Iraq approves new govt with Maliki as PM
Baghdad, December 21, 2010
Iraq's parliament approved Prime Minister Nuri Al-Maliki and his new government on Tuesday, nine months after an inconclusive election left politics in limbo and delayed investments to rebuild the country after years of war.
Lawmakers voted into office Maliki and a new slate of ministers, elevating Oil Minister Hussain Al-Shahristani to deputy prime minister for energy and leaving in place Kurdish
veteran Foreign Minister Hoshiyar Zebari.
Highlighting the ethnic and sectarian divides that pervade the war-ravaged country, parliament had to postpone the vote on Monday after last-minute factional disputes and political horse-trading over posts delayed the government's formation.
In a speech to parliament before lawmakers approved his government plan, Maliki acknowledged the rough road Iraq's fledgling democracy took during the nine months of squabbling between political factions.
"I do not say that this government, with all its formations, satisfies its citizens' aspiration, nor the political blocs', nor my ambition, nor any other person's ambition, because it i s
formed ... in extraordinary circumstances," he told lawmakers.
Former Prime Minister Iyad Allawi, who failed to gain enough support for a parliamentary majority after his cross-sectarian Iraqiya bloc won the most seats, told lawmakers his Sunni-backed coalition would participate fully in the government.
"We as the Iraqiya bloc declare our full support for this government," Allawi said. "Iraqiya will play an active, productive and cooperative role."
Maliki has yet to decide on permanent choices for some positions, including sensitive security-related ministries such as defence and interior.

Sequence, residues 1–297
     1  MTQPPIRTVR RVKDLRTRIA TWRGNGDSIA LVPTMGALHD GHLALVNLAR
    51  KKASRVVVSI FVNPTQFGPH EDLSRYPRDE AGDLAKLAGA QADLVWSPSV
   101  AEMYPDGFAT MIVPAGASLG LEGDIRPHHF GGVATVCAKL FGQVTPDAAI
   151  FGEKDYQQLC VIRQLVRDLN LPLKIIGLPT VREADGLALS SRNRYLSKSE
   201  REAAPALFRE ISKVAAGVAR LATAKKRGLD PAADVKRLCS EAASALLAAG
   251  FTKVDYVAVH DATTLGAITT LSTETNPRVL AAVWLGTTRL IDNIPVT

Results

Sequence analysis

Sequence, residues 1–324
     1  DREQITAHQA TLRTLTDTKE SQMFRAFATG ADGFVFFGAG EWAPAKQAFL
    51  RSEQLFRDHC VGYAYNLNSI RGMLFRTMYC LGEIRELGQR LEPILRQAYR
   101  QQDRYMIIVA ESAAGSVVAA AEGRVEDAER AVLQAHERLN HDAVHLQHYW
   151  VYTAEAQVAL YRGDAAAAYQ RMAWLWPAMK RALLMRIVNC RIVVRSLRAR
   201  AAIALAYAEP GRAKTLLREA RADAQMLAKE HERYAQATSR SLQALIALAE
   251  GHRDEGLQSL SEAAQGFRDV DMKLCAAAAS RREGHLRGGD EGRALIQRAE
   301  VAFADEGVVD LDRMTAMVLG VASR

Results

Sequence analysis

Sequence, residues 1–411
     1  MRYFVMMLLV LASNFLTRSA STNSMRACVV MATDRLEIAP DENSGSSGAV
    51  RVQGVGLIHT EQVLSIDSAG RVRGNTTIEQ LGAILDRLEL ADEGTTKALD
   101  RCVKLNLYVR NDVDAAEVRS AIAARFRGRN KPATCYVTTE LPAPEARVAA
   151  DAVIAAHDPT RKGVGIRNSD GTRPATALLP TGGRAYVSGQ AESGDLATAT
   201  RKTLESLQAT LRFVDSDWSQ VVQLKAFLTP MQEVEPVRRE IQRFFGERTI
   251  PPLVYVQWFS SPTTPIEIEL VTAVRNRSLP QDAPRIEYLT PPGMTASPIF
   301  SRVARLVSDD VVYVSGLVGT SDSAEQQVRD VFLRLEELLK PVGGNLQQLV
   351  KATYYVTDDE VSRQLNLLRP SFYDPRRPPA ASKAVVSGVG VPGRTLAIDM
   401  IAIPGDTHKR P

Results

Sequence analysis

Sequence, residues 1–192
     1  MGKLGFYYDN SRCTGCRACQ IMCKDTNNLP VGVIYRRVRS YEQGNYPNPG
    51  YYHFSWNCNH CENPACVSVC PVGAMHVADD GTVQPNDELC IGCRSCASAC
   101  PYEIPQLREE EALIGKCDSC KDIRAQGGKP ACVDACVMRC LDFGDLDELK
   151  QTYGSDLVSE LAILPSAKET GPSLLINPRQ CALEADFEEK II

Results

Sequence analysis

The prime minister promoted deputy oil minister Abdul Kareem Luaibi to minister and made prominent Sunni leader Rafie al-Esawi finance minister.
"The deal the parties worked out is rather elaborate but the critical thing is that they were able to get to this point through peaceful negotiations without any return to large-scale
violence," said Shadi Hamid, director of research at the Brookings Doha Center.
"That said, power-sharing deals like this one tend to be quite fragile and so the next few months will present a crucial test for the ... rival blocs."
International investors are watching developments in Iraq's energy sector with great interest as the country embarks on an ambitious programme to exploit its vast oil resources and rebuild its neglected and damaged infrastructure.
While Shahristani was minister, the oil ministry reached a series of deals with oil majors that could boost Iraq's output capacity to 12 million barrels per day, rivalling global leader Saudi Arabia, from about 2.5 million barrels per day now.
For international oil companies, Shahristani's continued control over the oil sector will be seen as assurance that contracts he agreed will be honoured in the absence of formal
guarantees, since Iraq still lacks a new hydrocarbons law. - Reuters
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